As a little girl, my parents moved our family from Florida to Arizona. We moved away from every family member and friend we knew. We moved from a lovely, brick ranch home on acreage with a pond in the backyard and horses across the street to an aluminum mobile home in a trailer park in the desert. You might think that as a child, I was devastated by the change. I was not. It was an adventure! It was an adventure because my mother and father made it an adventure. I vividly remember my mother telling me about the "chandelier" hanging in the dining room of our new home in Arizona. (It was really a simple hanging light fixture, but because of my mother's excitement and description, it was a chandelier to all of us, and we couldn't wait to get to Arizona to see it.) I remember as we drove across the county line in Arizona, as we crested a hill and the town we would be living in came into view, my father said with great pride, "Look! The promised land!" It was lovely, but it was a different kind of lovely than we had ever seen before... desert instead of forests, wide open spaces, sand and bright red rock formations instead of grass and lush greenery, a man-made lake instead of the Gulf of Mexico. In that moment, and for the rest of my childhood, however, there would be no comparing it to what we had known before, it was only "the promised land."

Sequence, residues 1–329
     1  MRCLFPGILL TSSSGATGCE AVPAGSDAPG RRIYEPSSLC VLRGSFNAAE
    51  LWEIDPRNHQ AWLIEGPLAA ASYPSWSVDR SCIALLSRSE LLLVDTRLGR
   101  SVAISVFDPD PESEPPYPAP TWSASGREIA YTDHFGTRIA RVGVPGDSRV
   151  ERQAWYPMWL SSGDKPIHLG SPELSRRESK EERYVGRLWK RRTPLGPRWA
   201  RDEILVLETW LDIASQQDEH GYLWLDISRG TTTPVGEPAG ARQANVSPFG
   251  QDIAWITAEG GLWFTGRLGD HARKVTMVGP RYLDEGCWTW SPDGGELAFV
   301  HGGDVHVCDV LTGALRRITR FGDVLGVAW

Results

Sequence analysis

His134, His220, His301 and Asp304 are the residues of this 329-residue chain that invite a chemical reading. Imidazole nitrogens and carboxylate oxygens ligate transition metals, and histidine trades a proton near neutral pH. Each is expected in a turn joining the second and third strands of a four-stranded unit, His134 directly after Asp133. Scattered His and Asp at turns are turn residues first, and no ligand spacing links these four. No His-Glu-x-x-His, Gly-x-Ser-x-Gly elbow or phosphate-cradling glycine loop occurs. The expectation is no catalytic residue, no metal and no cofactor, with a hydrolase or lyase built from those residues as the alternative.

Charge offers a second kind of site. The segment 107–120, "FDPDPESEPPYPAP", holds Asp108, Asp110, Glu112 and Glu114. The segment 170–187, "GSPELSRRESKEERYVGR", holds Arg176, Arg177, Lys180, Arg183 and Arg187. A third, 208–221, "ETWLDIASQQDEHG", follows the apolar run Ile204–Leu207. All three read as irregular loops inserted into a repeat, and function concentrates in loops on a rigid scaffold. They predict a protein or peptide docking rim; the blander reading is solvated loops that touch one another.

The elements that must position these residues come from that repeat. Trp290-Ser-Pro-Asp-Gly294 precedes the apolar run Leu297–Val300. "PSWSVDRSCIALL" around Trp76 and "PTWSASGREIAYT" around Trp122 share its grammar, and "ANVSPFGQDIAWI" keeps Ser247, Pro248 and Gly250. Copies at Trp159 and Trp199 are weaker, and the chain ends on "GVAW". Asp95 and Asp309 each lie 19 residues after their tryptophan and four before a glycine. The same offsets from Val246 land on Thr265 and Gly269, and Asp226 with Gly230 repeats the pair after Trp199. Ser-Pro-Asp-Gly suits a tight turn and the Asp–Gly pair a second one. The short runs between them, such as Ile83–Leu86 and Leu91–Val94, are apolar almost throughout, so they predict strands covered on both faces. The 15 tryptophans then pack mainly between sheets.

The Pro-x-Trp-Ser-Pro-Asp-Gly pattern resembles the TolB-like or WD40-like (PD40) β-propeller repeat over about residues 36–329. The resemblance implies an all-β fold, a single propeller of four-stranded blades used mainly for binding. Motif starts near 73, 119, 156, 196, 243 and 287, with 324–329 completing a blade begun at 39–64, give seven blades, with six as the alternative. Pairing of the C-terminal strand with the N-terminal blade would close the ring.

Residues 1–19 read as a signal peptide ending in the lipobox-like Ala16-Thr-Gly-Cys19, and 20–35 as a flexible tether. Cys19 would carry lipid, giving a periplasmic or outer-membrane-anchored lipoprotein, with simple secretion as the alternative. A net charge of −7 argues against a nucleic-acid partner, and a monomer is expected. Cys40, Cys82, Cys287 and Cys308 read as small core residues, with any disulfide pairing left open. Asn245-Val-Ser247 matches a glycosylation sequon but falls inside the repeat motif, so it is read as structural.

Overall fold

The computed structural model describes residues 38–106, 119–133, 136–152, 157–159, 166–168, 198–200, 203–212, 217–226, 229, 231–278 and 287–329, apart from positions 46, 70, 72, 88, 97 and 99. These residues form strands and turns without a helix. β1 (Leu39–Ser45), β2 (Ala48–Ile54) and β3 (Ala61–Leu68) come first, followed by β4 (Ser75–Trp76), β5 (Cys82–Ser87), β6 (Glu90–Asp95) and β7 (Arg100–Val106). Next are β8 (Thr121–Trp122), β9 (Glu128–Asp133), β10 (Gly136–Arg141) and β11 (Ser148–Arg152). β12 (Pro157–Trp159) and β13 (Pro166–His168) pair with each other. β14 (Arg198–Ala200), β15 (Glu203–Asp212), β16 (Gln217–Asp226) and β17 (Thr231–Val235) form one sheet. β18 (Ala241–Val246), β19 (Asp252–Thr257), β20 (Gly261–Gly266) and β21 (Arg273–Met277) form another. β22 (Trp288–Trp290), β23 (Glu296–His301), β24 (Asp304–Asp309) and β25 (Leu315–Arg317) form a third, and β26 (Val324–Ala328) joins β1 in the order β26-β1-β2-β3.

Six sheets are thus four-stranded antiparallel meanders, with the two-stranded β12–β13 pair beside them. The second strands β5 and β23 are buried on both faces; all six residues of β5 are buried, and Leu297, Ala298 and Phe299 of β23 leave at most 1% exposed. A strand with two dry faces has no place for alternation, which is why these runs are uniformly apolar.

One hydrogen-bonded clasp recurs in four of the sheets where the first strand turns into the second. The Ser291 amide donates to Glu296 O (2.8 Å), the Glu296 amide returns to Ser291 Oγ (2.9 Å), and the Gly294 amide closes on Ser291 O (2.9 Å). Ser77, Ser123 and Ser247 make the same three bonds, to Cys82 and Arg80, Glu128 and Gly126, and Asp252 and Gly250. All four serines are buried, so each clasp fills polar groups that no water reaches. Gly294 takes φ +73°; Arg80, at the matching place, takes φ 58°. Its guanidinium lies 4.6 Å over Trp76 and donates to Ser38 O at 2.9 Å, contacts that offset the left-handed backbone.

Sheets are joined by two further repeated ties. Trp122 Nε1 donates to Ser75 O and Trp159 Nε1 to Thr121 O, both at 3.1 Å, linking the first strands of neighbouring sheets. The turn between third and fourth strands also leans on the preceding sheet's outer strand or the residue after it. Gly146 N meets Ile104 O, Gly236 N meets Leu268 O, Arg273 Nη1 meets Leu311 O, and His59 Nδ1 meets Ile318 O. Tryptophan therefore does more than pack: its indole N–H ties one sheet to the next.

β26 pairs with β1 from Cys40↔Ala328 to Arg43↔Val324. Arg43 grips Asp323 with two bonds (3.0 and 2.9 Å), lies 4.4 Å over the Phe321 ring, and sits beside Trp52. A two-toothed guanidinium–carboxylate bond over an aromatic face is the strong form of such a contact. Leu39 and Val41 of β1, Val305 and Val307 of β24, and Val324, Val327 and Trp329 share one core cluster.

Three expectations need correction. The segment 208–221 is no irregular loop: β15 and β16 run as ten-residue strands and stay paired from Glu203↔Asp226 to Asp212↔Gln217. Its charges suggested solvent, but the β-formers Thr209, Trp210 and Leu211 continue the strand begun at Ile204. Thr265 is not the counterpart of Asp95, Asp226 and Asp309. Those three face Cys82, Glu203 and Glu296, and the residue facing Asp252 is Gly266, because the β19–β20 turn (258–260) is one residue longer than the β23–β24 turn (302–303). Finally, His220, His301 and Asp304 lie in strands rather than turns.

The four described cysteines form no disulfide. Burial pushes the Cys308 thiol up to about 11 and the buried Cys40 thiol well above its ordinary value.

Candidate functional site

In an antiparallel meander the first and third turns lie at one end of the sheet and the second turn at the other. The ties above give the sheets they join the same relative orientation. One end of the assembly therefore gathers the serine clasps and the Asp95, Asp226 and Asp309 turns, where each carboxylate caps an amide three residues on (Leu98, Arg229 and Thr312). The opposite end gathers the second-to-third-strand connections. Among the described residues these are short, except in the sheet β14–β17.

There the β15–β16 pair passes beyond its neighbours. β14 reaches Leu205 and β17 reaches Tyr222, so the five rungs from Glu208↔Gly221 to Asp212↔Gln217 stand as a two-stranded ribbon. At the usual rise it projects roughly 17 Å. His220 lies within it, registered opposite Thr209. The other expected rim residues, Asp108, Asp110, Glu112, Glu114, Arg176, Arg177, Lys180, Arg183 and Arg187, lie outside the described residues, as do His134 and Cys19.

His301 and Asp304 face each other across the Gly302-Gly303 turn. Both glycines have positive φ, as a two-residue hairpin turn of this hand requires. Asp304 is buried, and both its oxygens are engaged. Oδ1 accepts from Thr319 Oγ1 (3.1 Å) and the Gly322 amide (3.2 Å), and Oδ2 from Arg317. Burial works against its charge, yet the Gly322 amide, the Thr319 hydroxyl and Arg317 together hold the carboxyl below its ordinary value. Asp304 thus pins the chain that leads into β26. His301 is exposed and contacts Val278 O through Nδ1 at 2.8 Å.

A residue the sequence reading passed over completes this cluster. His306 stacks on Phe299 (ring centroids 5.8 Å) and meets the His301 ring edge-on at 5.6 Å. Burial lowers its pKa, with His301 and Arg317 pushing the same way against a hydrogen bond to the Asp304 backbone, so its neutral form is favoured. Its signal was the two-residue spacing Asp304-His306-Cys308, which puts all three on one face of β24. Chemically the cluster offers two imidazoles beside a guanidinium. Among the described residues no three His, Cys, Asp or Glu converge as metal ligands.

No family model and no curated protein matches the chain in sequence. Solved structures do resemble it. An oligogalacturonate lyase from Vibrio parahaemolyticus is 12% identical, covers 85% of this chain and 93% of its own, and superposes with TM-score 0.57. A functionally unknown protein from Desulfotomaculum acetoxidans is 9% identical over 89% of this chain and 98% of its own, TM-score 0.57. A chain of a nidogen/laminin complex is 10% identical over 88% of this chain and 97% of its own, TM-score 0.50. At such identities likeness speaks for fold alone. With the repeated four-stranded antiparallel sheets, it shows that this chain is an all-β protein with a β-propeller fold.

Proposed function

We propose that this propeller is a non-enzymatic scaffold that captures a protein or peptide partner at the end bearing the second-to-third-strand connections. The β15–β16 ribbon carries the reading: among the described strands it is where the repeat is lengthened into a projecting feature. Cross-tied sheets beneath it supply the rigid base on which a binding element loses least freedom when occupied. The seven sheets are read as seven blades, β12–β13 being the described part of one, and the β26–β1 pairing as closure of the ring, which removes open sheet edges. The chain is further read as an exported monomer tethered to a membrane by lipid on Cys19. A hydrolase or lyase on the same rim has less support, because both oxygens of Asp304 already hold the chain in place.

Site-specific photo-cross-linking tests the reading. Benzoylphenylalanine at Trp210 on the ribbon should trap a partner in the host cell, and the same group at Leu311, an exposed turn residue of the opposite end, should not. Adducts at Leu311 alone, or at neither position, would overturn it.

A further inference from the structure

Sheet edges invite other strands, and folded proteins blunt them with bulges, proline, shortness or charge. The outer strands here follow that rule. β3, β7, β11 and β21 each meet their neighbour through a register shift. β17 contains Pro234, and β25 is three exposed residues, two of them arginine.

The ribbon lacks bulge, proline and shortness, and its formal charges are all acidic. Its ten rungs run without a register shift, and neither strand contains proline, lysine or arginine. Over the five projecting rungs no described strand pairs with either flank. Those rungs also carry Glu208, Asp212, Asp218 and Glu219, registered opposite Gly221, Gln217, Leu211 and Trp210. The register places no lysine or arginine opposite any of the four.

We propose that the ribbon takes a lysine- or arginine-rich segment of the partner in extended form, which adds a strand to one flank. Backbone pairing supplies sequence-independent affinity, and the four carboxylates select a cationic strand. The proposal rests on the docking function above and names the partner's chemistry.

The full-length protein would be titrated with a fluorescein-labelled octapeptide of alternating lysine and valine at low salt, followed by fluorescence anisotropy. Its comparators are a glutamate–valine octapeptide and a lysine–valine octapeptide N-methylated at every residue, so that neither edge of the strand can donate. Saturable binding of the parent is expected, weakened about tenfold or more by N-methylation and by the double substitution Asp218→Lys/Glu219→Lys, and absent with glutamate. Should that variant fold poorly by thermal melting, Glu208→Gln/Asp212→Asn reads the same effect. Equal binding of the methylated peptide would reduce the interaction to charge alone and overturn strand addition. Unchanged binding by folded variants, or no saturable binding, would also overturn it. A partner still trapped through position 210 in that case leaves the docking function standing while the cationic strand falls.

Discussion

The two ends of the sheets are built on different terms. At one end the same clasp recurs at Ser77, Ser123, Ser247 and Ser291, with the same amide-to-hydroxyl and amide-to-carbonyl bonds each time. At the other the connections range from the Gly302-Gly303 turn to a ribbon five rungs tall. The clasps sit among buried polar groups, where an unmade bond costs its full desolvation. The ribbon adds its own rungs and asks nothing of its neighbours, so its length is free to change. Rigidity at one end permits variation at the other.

As an adult I have moved many times and seen much of the country and I am grateful to my parents who gave me an example to live up to and an attitude to embrace, and now it is mine to pass on to my son.
Proverbs 22:6 KJV "Train up a child in the way he should go and when he is old he will not depart from it."
5/4/2012 12:24:43 am
Every move is an adventure! Think of all the friends you have now that "a move" was required for you to meet and cherish. Think of all the experiences you would have missed and the wonders of God's creation you would never have seen. God has given us life - live it abundantly. Meet each challenge as the growing opportunity it is!! Go Get "em!!!!!
5/4/2012 04:09:52 am
Used book sales should have a "Danger" sign posted beside the "all sales are final" sign.
When I finished reading, I felt like I had taken this journey with you. When we turned the corner at the end, and I saw your son for the first time in this story, I had tears in my eyes...not tears of sorrow, but tears of joy. God prepares us, goes before us, and carefully orchestrates our life for his glory. How wonderful his love for us is. Thank you for reminding me of the very important role we have as mothers.
5/5/2012 03:53:59 am
Just think that if you hadn't had made that last move it wouldn't be your time to be teaching "your son". Every move we make is made for a specific reason and I'm so thankful that you made the move that brought you into our lives and family.
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Carla Ritz. Proof positive that God uses cracked pots!